1. The government is taxing me to pay for school for people in other countries. I should be able to keep the money I work for. I have a right to the money I earn. The article describes how the money benefits those people. Well ya, giving anybody some money benifits them. You could take more from me and give it away and never stop writing about the good your work is doing. Your “work” is spending what you take by force from the people. You never asked me if I wanted to help these people. You never asked if I would donate to your cause. That would be different: if you convinced people to give, but you don’t, you feel the individual American doesn’t have a right to say no. You believe that YOU have the right to my money, but I don’t. You don’t believe in equal rights, then. What if somebody robbed you in the night and used the money to build a school in a poor country? You’d be happy because the school greatly benefits those people? No, you’d be focused on the money you wish you still had… but when you do this to other people you play pretend that that tax money you spend is somehow new wealth on this earth when obviously it’s the money you just taxed from the people. You word things funny to try to throw yourself off the scent of your own bullshit. You know education isn’t “free” but you call it so because you have to obscure your own actions from yourself. You can’t look straight at your actions without you conscience trying kick start: every liberal knows and tries not to know that taking money from working men and women and dishing it out to whoever “needs” it is wrong.

    The ends justify the means, that’s your essential code; if you have a project in mind, use the government; tax the people; it’s the fastest way to get funds. You don’t have time to create a charity fund and persuade people to donate. You shouldn’t have to ask people for their money because YOU have a right to that money but they don’t.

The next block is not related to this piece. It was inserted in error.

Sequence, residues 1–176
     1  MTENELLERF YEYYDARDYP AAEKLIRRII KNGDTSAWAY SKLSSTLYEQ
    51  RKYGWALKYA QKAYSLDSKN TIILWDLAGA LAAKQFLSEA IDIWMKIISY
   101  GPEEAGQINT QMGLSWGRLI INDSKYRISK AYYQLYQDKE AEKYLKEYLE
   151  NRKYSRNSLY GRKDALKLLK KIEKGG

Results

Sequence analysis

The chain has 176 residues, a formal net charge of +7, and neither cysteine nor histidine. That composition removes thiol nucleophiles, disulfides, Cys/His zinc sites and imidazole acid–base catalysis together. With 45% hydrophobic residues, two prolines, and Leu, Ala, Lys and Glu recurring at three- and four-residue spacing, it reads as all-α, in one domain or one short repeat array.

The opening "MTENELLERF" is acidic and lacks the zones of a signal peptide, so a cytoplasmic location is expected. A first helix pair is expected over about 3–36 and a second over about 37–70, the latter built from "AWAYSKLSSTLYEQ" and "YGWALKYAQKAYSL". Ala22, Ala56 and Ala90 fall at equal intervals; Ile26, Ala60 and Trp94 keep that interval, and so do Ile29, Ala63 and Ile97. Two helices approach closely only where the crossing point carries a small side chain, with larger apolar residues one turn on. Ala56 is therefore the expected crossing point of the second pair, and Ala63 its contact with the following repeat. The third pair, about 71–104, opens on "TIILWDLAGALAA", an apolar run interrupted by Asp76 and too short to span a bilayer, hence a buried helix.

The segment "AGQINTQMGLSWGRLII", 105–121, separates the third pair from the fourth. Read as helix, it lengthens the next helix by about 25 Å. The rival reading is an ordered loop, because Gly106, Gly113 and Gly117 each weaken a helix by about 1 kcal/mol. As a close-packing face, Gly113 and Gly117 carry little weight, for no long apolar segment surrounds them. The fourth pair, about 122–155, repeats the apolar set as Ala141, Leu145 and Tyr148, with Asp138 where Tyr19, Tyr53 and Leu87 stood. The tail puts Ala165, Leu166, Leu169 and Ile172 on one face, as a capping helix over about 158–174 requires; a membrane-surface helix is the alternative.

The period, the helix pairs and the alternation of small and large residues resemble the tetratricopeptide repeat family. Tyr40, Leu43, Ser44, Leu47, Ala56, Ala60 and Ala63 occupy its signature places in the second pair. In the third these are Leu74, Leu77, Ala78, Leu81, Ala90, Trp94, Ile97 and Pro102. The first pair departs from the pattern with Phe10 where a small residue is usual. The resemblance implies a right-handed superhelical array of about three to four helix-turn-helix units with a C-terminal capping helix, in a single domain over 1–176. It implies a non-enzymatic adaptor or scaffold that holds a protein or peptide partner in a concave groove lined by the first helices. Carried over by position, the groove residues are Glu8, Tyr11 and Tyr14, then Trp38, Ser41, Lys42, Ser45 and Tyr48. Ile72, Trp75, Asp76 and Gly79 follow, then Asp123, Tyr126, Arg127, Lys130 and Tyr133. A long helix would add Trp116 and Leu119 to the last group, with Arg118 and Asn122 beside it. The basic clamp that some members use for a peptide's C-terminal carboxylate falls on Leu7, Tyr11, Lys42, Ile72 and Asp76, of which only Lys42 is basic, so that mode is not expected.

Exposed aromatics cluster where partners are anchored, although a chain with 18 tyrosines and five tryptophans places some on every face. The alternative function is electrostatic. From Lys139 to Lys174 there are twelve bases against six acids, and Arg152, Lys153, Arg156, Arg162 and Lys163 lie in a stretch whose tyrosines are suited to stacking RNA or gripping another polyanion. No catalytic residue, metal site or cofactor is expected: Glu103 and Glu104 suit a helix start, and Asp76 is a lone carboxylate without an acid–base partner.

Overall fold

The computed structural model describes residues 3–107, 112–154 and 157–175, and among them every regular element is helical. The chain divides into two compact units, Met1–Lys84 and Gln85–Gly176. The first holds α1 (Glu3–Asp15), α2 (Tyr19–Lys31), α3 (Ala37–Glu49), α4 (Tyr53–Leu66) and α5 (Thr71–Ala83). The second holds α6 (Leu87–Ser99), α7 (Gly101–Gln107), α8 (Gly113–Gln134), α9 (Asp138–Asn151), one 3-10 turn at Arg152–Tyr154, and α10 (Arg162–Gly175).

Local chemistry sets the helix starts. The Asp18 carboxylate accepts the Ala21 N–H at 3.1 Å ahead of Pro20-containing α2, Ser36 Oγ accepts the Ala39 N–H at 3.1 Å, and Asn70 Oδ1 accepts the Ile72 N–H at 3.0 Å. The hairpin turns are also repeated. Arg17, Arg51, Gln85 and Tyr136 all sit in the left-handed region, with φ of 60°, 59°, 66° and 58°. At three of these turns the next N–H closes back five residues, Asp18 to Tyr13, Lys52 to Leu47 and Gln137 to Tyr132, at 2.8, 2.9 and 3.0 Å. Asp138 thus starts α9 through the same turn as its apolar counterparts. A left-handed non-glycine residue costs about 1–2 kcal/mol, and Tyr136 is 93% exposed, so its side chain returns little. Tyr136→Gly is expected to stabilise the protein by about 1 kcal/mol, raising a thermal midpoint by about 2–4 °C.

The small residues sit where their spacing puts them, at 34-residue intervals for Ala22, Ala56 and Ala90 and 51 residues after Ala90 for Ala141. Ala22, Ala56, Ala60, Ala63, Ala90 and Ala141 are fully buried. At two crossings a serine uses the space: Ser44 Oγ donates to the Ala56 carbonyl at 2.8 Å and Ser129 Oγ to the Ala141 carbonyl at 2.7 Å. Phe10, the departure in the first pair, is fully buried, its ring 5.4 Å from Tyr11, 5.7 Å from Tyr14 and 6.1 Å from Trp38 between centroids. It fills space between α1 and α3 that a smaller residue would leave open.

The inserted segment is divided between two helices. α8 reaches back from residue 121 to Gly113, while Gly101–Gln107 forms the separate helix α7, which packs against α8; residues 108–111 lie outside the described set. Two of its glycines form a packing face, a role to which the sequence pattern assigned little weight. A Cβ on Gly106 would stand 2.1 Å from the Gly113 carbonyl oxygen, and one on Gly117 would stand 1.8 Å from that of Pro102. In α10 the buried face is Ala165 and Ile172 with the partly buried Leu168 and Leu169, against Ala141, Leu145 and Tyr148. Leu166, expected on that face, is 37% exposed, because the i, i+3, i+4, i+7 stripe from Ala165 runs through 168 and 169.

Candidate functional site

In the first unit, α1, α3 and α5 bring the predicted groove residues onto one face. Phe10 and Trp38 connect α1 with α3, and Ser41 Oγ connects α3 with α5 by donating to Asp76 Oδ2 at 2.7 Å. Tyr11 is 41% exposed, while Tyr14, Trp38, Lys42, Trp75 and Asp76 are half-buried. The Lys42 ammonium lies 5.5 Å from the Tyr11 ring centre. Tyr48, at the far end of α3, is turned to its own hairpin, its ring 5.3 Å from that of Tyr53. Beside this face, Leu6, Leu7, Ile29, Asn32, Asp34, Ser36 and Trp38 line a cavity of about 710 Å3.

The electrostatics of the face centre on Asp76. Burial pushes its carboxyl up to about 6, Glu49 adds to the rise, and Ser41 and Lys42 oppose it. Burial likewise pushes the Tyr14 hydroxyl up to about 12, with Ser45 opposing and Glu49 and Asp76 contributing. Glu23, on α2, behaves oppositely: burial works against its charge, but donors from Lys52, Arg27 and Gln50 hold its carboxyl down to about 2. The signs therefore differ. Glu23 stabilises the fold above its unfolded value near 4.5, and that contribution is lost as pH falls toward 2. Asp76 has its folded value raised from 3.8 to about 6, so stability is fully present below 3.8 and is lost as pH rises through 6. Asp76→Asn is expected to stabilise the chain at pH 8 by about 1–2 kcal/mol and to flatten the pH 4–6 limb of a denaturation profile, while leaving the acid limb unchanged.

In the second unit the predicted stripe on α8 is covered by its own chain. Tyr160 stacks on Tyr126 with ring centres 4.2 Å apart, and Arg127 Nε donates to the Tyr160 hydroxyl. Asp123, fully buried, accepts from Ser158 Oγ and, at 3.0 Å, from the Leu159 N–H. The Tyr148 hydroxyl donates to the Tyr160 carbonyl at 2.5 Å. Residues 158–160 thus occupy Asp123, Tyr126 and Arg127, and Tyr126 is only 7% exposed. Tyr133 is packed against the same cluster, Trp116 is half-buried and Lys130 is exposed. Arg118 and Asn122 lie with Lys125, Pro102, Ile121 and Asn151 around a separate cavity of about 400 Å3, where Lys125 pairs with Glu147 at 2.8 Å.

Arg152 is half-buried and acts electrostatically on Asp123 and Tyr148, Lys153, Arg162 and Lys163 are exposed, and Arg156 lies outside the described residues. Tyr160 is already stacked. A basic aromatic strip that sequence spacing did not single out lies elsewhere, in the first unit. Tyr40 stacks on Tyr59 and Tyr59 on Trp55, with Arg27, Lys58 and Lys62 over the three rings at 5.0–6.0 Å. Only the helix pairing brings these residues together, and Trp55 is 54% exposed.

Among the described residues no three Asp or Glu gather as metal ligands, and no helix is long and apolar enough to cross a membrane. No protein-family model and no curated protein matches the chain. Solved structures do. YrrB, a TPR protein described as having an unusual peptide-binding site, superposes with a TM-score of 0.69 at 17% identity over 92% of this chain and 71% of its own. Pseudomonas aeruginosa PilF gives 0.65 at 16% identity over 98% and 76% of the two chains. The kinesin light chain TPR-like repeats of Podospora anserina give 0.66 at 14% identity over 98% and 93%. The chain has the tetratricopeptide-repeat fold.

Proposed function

In the end you’re thugs. You might be building schools in Africa, but you don’t respect a common American’s right to the fruit of his labor. America should be a place where a man can keep that fruit, the whole fruit and hold it in his hand and look at the sky and feel that he is free. But you thugs swarm in and steal a million little nibbles for all your projects.

    Africans might like their school but what the world needs is ONE example of a country where individual rights are sacred. Where o where is that going to be?

    1. What sorts of charities have convinced you that their cause is worthy enough for you to donate to?

      Also, your argument in this case is based on the assumption that the prosperity of America and its workers doesn’t depend on the work or well being of people in Africa or other regions of the world. There has been enough exploitation of the various African peoples by America, both as an imperial and former slave-trading power, that it doesn’t strike me as far fetched to say we can throw them some spare change per citizen to build schools.

  2. Who do I willingly donate to? The Salvation Army. My library. Friends in need. Homeless people.

    You say America did wrong to people in Africa and we owe reparations to the victims.

    That isn’t the justification I usually hear for foreign aid. Usually I hear politicians telling of the plight, hardship and dire need of some people as if that itself obliges me to give them $. THAT is what I’m against.

    The idea that I owe some people something because of what was done in my name is different than an unlimited debt I owe to anyone who claims they need it.